Photo gallery: Major project for Oxburgh Hall, near Swaffham, has light at the end of the tunnel
PUBLISHED: 12:00 08 February 2013 | UPDATED: 12:11 08 February 2013
© Archant Norfolk 2013
Total rewire scheme for National Trust property
Organising a complete rewire of any home can be a real headache, but if that home is a 15th century great house then the project becomes all the more interesting.
Ancient leather wallpaper, bricked-up secret doorways and the presence of ancient works of art and furniture have all added to the problem at Oxburgh Hall, near Swaffham.
Built by the Bedingfeld family in the late 15th century, the hall is now owned by the National Trust and, while closed for the winter period, an army of electricians have moved in – for the second time.
The first phase of the £500,000 project was carried out between November 2011 and March last year and the contractors returned in November 2012.
“The end is in sight – there is literally light at the end of the tunnel,” said property manager Teresa Squires.
“I was keen to keep the house open during its normal season although other properties have closed for a year for major work to be carried out. It was a little more expensive, but we had wanted to try and reduce the impact,” she added.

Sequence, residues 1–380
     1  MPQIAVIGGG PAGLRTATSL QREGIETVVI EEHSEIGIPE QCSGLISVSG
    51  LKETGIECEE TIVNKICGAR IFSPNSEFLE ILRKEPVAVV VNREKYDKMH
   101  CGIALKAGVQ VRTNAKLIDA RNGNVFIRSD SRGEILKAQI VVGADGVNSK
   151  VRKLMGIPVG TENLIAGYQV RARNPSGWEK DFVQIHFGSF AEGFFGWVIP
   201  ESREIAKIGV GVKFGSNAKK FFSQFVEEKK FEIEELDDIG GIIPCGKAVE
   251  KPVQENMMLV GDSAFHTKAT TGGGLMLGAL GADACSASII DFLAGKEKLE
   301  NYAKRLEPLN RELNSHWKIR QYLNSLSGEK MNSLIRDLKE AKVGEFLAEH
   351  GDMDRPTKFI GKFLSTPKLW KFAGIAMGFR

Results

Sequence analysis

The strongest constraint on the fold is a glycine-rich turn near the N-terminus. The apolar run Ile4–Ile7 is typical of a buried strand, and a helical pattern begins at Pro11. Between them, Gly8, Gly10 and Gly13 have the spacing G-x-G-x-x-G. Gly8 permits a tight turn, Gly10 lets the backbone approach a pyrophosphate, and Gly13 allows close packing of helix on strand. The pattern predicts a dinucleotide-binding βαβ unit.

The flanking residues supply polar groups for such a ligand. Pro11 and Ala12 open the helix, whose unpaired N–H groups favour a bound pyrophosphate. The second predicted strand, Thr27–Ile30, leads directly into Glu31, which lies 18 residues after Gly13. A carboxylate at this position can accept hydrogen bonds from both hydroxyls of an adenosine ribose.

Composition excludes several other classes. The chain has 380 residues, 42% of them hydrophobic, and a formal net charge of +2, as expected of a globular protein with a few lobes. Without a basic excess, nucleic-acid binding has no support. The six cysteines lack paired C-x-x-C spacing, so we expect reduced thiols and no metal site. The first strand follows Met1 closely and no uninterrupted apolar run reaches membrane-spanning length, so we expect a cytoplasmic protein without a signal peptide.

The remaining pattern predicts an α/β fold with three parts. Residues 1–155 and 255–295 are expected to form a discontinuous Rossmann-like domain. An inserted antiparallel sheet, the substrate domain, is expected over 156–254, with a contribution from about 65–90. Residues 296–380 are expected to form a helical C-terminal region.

No project of this scale can be disruption-free but the end result could see reduced bills for the National Trust which has owned the property, in the village of Oxborough, since 1952.
Oxburgh Hall only welcomed electricity in 1948 when it hooked-up to the National Grid. Prior to that, power was by carbide gas.
The annual bill currently stands at around £8,500 which could now be reduced. New LED lighting has been installed and the floodlights outside have been put on a timer so the hall will no longer be aglow all night.
Special frames were built around the hall’s beds to enclose them completely safely in plastic while ancient carpets were rolled-back and floor boards lifted.
Portraits have been carefully covered in bubble wrap to preserve them during the major upheaval.
The hall is famous for its priest hole, an area used to hide Catholic clergy during a period from the late 16th century when the faith was outlawed.
A fragment of newspaper dating from December 1917 was also found under floorboards in the attic. The piece of the Sunday Pictorial, which went on to become the Sunday Mirror, features an article on shortages because of the first world war – and the falling price of turkeys.
The hall re-opens for the season on March 9.